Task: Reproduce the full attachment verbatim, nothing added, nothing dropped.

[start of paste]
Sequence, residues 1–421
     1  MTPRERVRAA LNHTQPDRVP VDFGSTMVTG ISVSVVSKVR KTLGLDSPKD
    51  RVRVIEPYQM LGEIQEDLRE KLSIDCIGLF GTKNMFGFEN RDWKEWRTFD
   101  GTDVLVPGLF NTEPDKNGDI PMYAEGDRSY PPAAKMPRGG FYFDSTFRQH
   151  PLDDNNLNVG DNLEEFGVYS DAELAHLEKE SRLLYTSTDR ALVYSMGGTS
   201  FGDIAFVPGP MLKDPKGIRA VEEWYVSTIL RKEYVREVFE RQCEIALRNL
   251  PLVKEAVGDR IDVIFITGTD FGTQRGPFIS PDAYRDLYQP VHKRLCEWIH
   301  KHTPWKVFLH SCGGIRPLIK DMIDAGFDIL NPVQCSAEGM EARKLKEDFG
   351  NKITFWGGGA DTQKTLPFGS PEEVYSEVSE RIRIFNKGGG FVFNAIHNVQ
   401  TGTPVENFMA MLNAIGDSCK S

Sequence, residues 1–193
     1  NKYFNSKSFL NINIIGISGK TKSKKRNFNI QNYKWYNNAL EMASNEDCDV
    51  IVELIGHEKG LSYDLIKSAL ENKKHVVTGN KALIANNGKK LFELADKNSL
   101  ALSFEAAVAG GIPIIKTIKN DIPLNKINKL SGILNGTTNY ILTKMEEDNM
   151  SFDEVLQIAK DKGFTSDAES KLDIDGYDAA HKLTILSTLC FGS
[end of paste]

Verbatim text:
Sequence, residues 1–421
     1  MTPRERVRAA LNHTQPDRVP VDFGSTMVTG ISVSVVSKVR KTLGLDSPKD
    51  RVRVIEPYQM LGEIQEDLRE KLSIDCIGLF GTKNMFGFEN RDWKEWRTFD
   101  GTDVLVPGLF NTEPDKNGDI PMYAEGDRSY PPAAKMPRGG FYFDSTFRQH
   151  PLDDNNLNVG DNLEEFGVYS DAELAHLEKE SRLLYTSTDR ALVYSMGGTS
   201  FGDIAFVPGP MLKDPKGIRA VEEWYVSTIL RKEYVREVFE RQCEIALRNL
   251  PLVKEAVGDR IDVIFITGTD FGTQRGPFIS PDAYRDLYQP VHKRLCEWIH
   301  KHTPWKVFLH SCGGIRPLIK DMIDAGFDIL NPVQCSAEGM EARKLKEDFG
   351  NKITFWGGGA DTQKTLPFGS PEEVYSEVSE RIRIFNKGGG FVFNAIHNVQ
   401  TGTPVENFMA MLNAIGDSCK S

Sequence, residues 1–193
     1  NKYFNSKSFL NINIIGISGK TKSKKRNFNI QNYKWYNNAL EMASNEDCDV
    51  IVELIGHEKG LSYDLIKSAL ENKKHVVTGN KALIANNGKK LFELADKNSL
   101  ALSFEAAVAG GIPIIKTIKN DIPLNKINKL SGILNGTTNY ILTKMEEDNM
   151  SFDEVLQIAK DKGFTSDAES KLDIDGYDAA HKLTILSTLC FGS